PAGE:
Russian Sberbank is not planning to decrease its deposit interest rates, Gennadiy Melikyan, Deputy Chairman of the bank, said in an interview to journalists today. "There's no point in changing interest rates right now", he stressed. He was quoted as saying that it is due to the persistently low inflation rate, which reached 8.4 percent for the first five months of 2002. "If inflation rate is 0.5 percent a month, we'll raise the question of the interest rates". According to the Deputy Chairman of Sberbank, the interest rates of the bank currently range from 2 percent (for demand deposits) to 18.5 percent. The term of the deposits is up to three years. Additionally, the representative of the Russian Sberbank reported that the bank was considering the possibility of introducing one-year deposits in the near future, since this kind of deposits was virtually not represented in the bank's activity. Most deposits are either short-term, or long-term up to three years.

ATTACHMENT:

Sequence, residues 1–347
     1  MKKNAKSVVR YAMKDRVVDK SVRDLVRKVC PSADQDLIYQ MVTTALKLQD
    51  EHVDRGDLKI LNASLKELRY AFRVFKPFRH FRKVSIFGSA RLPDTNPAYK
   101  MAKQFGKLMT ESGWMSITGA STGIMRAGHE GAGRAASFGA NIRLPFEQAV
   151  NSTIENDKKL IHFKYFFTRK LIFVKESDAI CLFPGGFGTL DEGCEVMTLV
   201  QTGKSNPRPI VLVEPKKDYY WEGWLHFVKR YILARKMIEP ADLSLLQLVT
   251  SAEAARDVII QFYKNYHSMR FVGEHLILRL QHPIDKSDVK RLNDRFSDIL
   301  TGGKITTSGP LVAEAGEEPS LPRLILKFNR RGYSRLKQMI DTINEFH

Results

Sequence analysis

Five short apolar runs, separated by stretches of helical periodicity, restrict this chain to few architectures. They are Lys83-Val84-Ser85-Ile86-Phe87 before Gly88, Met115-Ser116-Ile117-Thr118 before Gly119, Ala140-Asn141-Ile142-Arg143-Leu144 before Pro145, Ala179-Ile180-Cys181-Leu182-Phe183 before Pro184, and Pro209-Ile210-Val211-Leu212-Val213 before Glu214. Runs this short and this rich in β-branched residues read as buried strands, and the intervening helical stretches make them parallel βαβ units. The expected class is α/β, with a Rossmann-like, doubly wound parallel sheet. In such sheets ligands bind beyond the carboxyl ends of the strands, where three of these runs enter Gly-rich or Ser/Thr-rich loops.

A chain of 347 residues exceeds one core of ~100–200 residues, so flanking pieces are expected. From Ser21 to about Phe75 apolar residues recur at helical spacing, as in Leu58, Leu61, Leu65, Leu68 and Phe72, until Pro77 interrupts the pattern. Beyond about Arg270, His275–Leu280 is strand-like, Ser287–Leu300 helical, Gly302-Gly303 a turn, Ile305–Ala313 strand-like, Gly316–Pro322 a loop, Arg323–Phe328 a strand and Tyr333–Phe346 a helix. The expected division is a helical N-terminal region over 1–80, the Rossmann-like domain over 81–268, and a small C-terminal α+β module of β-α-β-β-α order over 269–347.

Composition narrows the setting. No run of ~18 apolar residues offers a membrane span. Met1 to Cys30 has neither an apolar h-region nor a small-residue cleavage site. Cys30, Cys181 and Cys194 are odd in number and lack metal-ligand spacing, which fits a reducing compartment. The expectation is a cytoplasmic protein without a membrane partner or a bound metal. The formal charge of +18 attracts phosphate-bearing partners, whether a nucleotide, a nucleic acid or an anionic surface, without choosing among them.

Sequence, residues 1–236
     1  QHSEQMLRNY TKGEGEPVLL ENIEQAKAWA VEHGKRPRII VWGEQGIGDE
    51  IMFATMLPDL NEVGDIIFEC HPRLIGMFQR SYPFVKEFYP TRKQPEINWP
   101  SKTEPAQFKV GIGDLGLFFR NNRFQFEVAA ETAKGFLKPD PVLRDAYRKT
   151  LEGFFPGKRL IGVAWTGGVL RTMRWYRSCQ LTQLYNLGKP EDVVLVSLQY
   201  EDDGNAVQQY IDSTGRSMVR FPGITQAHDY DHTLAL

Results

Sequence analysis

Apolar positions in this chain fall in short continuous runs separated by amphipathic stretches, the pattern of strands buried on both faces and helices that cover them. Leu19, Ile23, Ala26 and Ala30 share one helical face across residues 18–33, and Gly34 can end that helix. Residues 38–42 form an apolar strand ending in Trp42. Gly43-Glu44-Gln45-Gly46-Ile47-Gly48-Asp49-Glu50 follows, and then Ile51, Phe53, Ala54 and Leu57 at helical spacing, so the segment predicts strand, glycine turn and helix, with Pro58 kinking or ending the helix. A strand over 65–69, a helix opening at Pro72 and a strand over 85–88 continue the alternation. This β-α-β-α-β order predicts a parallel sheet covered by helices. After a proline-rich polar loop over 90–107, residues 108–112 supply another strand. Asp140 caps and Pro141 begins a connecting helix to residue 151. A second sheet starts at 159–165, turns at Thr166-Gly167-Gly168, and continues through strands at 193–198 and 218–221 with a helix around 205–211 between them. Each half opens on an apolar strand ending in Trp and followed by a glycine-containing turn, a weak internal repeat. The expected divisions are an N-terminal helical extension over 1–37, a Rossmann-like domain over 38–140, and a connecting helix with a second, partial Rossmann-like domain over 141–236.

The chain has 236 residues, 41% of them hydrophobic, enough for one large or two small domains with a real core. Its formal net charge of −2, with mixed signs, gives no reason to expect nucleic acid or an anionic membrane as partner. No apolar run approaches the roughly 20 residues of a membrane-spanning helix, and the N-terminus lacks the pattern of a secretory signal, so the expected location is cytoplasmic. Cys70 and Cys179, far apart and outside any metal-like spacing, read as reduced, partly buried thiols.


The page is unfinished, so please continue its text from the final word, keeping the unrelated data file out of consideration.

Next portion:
The choice of the city of Helsinki is not incidental as the capital of Finland had hosted US-Soviet negotiations on the limitation of nuclear stockpiles in 1969